Reason's Robert Poole restates his case for toll roads in Wisconsin.  Yes, that is not going to sit well with loyal Cheeseheads who back in the day resented rolling their window down and chucking forty cents in a hopper at fifteen mile intervals or so, and they resent even more the buck and a half cash, or for frequent travellers, the interest-free loan inherent in the I-Pass to reduce the fleecing to six bits.  But the current expressways are almost as old as I am, and the money to fix them isn't there.  How bad is it?
Tolls are not everyone’s cup of tea, but thanks to its robust tolling program for major highways, Illinois is moving ahead with widening and reconstruction projects comparable to those that are stalled in Wisconsin. High-quality infrastructure is a key factor in business location decisions and economic competitiveness. Wisconsin needs to solve its highway funding shortfall, and toll-financed Interstate modernization is a powerful tool for doing so.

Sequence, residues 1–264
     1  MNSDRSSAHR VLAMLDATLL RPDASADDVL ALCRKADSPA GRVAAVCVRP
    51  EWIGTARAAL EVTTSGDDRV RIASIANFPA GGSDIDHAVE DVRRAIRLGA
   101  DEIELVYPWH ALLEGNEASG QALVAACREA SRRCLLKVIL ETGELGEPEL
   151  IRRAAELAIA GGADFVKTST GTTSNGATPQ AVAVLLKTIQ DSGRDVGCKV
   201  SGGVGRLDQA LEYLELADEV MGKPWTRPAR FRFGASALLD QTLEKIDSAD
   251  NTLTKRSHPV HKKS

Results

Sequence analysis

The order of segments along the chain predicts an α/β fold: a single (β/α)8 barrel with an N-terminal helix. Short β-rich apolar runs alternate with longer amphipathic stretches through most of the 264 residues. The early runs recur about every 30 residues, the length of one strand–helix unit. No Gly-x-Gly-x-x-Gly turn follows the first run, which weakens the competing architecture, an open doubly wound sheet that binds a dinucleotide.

That's the world turned upside down, for sure.  It used to be a point of pride in Wisconsin that the major roads were in better shape when they came due for a resurfacing than Illinois roads were, new.  That's no longer the case.  And a libertarian writer not making the obligatory gripe about Illinois not phasing out the tolls when the original bonds were paid off?  (Yes, that was the intention.)  How things change.

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